X-Message-Number: 8239
Date:  Fri, 23 May 97 12:30:24 
From: Mike Perry <>
Subject: Science and Religion

From "Perry E. Metzger" <>

>The "day-person hypothesis" is just such a quasi-religious belief
>system. Sure, whether you believe it changes your behavior -- but do
>you have any reason to declare this a non-religious question?

If I understand you right, "religious" questions are those that 
deal with untestable hypotheses, while "scientific" questions deal 
with what is testable through experiment, etc. If this is the 
terminology you want to use, so be it, and I will not "declare this a 
non-religious question." (I might use "philosophical" or "purely
philosophical" in place of "religious" but you are entitled to your

At least I think you agree that "religious" questions are
(sometimes) important ones, and that it makes a difference
which stand you take on some hypotheses that are not testable.

A further thought on these is that often the reason they are not 
testable is that they involve a confusion or imprecision of 
definitions. (This point has come up in your argument with 
Thomas Donaldson over consciousness.) For example, with the
day-person concept we are not given a precise enough definition
of "person" to settle the question experimentally. Often the
reason for such imprecision is not that "there is so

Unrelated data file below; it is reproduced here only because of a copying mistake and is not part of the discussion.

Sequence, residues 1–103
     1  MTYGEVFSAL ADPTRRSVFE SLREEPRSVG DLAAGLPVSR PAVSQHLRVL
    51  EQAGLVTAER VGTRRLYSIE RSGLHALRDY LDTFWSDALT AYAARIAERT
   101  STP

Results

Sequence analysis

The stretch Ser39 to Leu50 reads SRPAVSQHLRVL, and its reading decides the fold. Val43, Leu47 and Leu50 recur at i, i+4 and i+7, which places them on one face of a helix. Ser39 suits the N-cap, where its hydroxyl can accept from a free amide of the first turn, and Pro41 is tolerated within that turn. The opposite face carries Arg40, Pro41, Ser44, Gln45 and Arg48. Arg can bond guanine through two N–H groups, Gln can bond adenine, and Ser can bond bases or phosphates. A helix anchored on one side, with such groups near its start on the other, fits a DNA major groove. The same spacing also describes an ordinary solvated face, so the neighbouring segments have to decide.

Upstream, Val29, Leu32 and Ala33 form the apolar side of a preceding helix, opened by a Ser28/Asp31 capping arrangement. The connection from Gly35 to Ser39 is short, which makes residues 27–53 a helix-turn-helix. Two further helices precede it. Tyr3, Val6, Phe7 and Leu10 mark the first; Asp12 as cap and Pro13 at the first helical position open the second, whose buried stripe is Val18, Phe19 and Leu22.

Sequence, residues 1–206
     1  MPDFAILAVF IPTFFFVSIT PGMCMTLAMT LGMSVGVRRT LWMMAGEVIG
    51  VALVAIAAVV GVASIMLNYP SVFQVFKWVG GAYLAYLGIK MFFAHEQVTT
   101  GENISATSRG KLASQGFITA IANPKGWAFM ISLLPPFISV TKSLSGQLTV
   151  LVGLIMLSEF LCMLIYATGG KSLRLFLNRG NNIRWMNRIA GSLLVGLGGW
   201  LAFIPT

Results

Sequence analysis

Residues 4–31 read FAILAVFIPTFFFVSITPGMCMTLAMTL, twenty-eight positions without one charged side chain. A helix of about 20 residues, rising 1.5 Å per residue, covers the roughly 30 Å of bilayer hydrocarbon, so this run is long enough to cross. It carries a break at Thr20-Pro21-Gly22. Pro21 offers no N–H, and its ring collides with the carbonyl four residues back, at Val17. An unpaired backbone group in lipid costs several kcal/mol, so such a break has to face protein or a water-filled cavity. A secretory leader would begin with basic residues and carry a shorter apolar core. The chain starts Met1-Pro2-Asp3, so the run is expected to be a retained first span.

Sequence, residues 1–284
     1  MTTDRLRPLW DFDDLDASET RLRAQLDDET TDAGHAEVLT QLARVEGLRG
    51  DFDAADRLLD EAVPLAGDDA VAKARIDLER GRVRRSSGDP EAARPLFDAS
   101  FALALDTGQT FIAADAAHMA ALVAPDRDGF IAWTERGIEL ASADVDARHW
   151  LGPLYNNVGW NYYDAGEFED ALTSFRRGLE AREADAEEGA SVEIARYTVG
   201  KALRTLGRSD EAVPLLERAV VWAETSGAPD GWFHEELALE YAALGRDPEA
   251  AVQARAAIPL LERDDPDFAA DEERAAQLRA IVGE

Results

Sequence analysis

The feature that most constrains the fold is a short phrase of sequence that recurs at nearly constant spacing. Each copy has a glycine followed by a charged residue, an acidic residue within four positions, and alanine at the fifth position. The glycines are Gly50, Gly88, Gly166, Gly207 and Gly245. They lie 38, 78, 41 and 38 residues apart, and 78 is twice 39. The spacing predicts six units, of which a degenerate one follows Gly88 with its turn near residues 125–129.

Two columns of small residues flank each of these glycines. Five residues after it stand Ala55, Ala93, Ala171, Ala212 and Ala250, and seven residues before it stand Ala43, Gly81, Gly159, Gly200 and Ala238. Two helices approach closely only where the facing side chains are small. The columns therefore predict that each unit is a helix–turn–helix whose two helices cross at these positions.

much we don't know"--though certainly that can be a factor
too--but "there is so much we don't agree to." In any case I
have to side with what seems to be Thomas's position
here: We might hope, eventually, to arrive at fully elucidating
definitions that most or all will agree to, that will reduce a
"religious" question to a purely "scientific" one. But 
this is not to be expected in the early stages of investigation of a 
difficult, important phenomenon such as consciousness (and we are 
still in the early stages here) but only later, when our understanding
--and maturity--are up to it.

Meanwhile, though, we might *individually* strive for maturity and 
understanding that are beyond that of others who we think "ought to 
know better." On that basis, I continue to side with those who think 
consciousness would reside in a machine, suitably programmed,
that does nothing at the low level but crunch bits. 

Mike Perry

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